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How Your Smudging Ritual May Be Culturally Appropriating

Photo by Brittany Colette on Unsplash

We came across an article that brought attention to the commercialization and appropriation of smudging, a spiritual ritual practices by Native American & Indigenous communities.

With 2020 behind us, we may be seeking ways to cleanse, possible considering the practice of smudging. But, before you buy your smudging set or bundle of white sage consider the history of colonization and how the appropriation of this ritual continues to harm Native American & Indigenous communities.

Cultural Appropriation Is Threatening The Practice

Today, smudging has become a culturally appropriated practice with large numbers of non-Native American & Indigenous communities and folks using this ritual as a way to cleanse.

First, we have to ask: what is cultural appropriation? We think of it as taking a practice from a culture that has been oppressed, persecuted, or discriminated against for this practice. Practically speaking, we might be a little confused. We reference The Dos and Don’ts of Cultural Appropriation from The Atlantic.

Today, companies like Walmart, Urban Outfitters, Amazon and several others continue to sell smudge kits. The commodification and commercialization of smudge kits for non-Native American & Indigenous people has put a major strain on the environment, white sage, and Native American & Indigenous communities who practice smudging as part of their culture.

Numerous articles (like this from Beauty Insider) point out that the commodification of smudging has caused over-harvesting and threatened wild White Sage, which is what Native American & Indigenous communities often use for their rituals. An article from Forever Conscious talks about The Ethics of Using Sage for Energy Cleansing to get a better understanding of how White Sage is being over-harvested and threatened.

Many Native American & Indigenous folks have called out these companies and advocated against smudge kits.

Colonization Nearly Wiped It Out

Native American & Indigenous communities were not allowed to practice their religious rituals and ceremonies until 1978. In the 1800s, the United States began promoting Christian education in Native American communities.

In 1883, the United States established the Code of Indian offenses that created the Courts of Indian Offenses, which prosecuted Native Americans for participating in traditional rituals and ceremonies. Although the code was amended after 50 years, Native American communities were still not guaranteed protection under the United States’ First Amendment freedom of religion.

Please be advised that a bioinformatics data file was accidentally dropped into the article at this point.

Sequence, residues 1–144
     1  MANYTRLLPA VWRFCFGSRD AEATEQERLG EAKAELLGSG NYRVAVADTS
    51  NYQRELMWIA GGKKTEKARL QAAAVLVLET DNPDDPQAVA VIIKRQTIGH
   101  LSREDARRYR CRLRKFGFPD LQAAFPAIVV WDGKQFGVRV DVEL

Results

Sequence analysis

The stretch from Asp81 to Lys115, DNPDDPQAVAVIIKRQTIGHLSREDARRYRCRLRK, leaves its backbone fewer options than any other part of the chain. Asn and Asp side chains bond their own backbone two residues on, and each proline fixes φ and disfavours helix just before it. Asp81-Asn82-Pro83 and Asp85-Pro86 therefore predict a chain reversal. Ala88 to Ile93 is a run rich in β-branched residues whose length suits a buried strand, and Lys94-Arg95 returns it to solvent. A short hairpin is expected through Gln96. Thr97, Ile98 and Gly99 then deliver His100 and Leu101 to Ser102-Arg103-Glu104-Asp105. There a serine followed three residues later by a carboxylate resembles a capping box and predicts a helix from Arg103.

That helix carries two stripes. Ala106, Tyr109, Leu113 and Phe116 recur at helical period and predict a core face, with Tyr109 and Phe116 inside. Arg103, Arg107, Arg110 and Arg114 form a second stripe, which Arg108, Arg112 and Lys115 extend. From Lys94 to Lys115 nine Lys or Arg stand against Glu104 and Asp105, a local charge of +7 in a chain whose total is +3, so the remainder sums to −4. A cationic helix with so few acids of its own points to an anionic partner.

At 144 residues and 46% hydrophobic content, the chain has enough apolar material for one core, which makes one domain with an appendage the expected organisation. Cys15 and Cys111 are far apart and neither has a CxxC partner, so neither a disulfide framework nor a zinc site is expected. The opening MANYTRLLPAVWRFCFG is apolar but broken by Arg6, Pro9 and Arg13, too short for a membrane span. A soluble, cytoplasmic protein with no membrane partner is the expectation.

In 1978, Jimmy Carter officially passed the American Indian Religious Freedom Act. Nearly two decades later, in 1993 and 1994, additional amendments were made to the Act to protect sacred sites and legalize the use of peyote in religious practices.

The American Indian Religious Freedom Act is only 43 years old. It wasn’t that long ago that Native American & Indigenous communities were not protected against discrimination, oppression, and acts of violence for practicing their rituals and culture.

Photo by Brittany Colette on Unsplash

What can we do?

Taté Walker and Bianca Millar share with us some of the suggestions they have at the end of this Fashionista article. Walker is Mniconjou Lakota and a citizen of the Cheyenne River Sioux Tribe. Millar is half Huron-Wendat and half Scottish and of the Wendake reserve in Québec.

Remember that are always learning! We educate ourselves on the history and practice of smudging. Education is a way to honor practices and use them in a way that is respectful, culturally sensitive and with awareness.

One of the most influential things that we can do is use our consumer power, meaning don’t buy from commercial retailers. We’ve uncovered how retailers over-harvest White Sage, threatening not only the plant, but the ability for Native American & Indigenous communities to do their rituals. Commercial retailers are not giving back to the communities or bringing Native American & Indigenous voices to the table.

Instead, we can explore other cleansing rituals that are less harmful or culturally sensitive. Spite & Sparrow gives us Five Ways To Cleans Your Space (Without Cultural Appropriation). Another suggestion we heard was tap into your ethnicity’s practices. Find out what medicinal plants were used by your ancestors

And if you’re up for the green thumb challenge: Grow your own Sage so you don’t have to buy it!

Connecting Back to Mindfulness

Our practice of mindfulness and yoga has a long history of colonization and appropriation as well. As we explore the commodification and colonization of smudging, can we recognize similarities to the practice of yoga and wellness?

Questions for Reflection

  • Are there practices in my life that I need to explore?
  • Do I know the history of the practice? Is there any oppression, persecution and/or discrimination associated with this practice?
  • Have I honored and thanked the culture whose practice I used? How do I do this?
  • Do I share with others the practice and make sure that they understand its meaning and value to the culture?
  • Am I supporting the communities within the culture?
  • How is the practice of yoga similar to what we have uncovered today?

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